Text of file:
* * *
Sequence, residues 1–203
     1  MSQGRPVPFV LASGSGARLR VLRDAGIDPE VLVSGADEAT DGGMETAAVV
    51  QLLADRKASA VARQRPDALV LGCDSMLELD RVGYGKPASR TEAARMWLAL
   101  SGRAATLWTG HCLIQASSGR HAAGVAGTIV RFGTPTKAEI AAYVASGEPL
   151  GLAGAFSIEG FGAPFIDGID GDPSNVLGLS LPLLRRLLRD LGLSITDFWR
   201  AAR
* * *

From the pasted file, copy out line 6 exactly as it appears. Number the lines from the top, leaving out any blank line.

   201  AAR